Monday, 21 May 2012

Land of my Victoria

Today, the Resident Fan Boy, elder daughter, younger daughter and I spent an hour getting out to a branch of the Nepean Museum.  Elder daughter has a job interview tomorrow and high hopes of getting last year's summer job back at the same museum, so she wanted us all to come to the Victoria Day Tea, presumably to make a good impression.  (All past evidence to the contrary.) We arrived, found a deserted white tent, and a beautiful old house, empty except for the sandwich board advertising the tea locked inside the front door.  It seems that the tea was yesterday.  Nothing for it but to spend another hour going back.

See, we're from Victoria, so Victoria Day means Victoria Day, not the Sunday before Victoria Day.  This is Hades, though, where organizers would, quite correctly, consider Monday as the day when everyone is hurrying to travel back to wherever it is they came from.  And indeed, the bus there and back carried many people lugging suitcases and bags. A powerful-looking man heaved two enormous bags into the space where the wheelchairs and stroller ordinarily go, kissed the hands of his elderly father and mother in her veil, and pressed his forehead to the back of their hands, before asking the bus driver to let him off.

In Victoria, BC, Victoria Day means the big parade.  If you've grown up in the city, you've marched in the parade at some point.  I marched three times with my school band, as did the Resident Fan Boy, and elder daughter marched with the Brownies.  It's a mile from the Mayfair Shopping Centre to Douglas and Humboldt, and the trick is to avoid the horse droppings. This coming week, the first sunburns of the year will be everywhere because the May sun shines in Victoria, but it doesn't feel all that hot, so you forget to take the precautions..

No sunburns in Ottawa, because we have the humid heat to remind us to wear sunscreen and hats, although it's nowhere near as warm as it will get in July and August. Downtown is crowded with tourists here for the last weekend of the tulip festival, but in our neighbourhood, we've been living in a ghost town.  The Victoria Day weekend means the opening of cottage season for them-that-has-'em.  Last night, I went out for a late evening stroll, and was rather spooked by the number of dark and deserted houses.  I couldn't help but wonder if this is also a wonderful season for burglaries. Tonight, I walked out again and the driveways were full of SUVs, with people in shorts putting out the garbage and recycling, and watering their gardens.  (The Victoria Day weekend is also the official start of Ottawa's very brief gardening season.)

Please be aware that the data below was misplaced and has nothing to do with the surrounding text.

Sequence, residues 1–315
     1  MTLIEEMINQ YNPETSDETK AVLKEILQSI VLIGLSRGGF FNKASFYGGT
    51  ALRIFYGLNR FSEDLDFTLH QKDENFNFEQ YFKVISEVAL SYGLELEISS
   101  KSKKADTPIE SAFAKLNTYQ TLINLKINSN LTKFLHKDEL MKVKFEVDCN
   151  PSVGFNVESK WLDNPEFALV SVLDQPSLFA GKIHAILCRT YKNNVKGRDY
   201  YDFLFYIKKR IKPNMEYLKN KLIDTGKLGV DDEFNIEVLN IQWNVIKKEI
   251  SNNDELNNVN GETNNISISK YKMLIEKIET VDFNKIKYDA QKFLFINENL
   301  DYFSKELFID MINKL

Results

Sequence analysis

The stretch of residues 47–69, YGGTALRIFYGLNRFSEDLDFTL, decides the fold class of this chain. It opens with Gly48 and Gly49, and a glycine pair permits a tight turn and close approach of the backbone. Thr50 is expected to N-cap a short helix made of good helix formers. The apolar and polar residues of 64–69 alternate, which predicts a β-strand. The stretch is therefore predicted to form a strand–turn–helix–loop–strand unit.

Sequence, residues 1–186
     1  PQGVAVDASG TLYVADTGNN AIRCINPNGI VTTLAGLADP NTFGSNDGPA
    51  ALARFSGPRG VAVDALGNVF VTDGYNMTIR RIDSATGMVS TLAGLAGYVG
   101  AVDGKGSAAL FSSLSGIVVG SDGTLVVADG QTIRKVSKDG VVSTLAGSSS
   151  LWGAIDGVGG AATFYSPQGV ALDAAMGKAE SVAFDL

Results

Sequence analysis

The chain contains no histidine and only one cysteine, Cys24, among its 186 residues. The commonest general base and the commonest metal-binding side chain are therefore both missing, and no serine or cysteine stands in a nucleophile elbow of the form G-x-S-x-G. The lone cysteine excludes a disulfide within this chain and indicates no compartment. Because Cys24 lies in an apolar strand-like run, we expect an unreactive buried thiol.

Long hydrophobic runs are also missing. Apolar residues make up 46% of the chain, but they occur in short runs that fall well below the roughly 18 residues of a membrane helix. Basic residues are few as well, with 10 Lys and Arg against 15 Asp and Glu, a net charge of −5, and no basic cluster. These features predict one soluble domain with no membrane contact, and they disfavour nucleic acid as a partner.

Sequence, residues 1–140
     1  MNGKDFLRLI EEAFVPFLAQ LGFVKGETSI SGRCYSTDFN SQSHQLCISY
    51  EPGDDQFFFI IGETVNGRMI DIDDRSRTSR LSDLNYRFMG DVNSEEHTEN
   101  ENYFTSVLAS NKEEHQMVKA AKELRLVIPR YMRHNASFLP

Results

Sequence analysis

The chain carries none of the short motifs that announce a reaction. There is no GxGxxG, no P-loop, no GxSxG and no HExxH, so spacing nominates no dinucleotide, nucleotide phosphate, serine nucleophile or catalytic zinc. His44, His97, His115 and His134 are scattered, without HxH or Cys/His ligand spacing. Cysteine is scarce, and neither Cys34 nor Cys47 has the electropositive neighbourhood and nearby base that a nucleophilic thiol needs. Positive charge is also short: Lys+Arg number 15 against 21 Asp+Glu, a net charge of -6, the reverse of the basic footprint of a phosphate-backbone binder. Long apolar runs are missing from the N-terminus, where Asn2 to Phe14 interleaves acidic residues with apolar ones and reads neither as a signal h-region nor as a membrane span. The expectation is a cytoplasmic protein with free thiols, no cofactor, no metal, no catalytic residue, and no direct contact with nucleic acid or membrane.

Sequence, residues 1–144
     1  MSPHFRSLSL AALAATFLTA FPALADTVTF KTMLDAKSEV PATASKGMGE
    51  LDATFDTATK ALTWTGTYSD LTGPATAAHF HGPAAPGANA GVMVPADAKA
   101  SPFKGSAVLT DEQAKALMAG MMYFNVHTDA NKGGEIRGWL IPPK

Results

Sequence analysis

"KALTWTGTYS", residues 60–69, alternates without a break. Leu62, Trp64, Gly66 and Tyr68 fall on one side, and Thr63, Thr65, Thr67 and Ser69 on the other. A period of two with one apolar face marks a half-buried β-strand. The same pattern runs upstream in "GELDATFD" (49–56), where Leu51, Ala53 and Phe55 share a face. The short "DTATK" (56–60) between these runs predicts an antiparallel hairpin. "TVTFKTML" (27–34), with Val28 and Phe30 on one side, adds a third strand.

I continued down by the Governor General's residence, the clustering of trees along the stone wall starting to look dark and forbidding.  Ahead, I saw a corner of setting sun reflecting off a glass tower of one of the quasi-Arts-Deco condos.  I fancied that the brilliant orange light might spread to the gathering dark clouds, but the most colour they achieved was a mourning sort of mauve.  I wandered home by way of the Rideau River, blundering into clouds of gnats, dreaming of long, mild May evenings in Victoria.  There'll probably be fireworks over the Inner Harbour tonight.

Here?  We're supposed to be in for a lightening storm...

When I was a little girl, I thought this song was about the city in which I grew up.  
Long ago life was clean
Sex was bad and obscene
And the rich were so mean
Stately homes for the Lords
Croquet lawns, village greens
Victoria was my queen 

Victoria, Victoria, Victoria, 'toria 

I was born, lucky me
In a land that I love
Though I'm poor, I am free 
When I grow I shall fight 
For this land I shall die
Let her sun never set

 Land of hope and gloria
 Land of my Victoria

Canada to India
Australia to Cornwall
Singapore to Hong Kong
From the West to the East 
From the rich to the poor
Victoria loved them all

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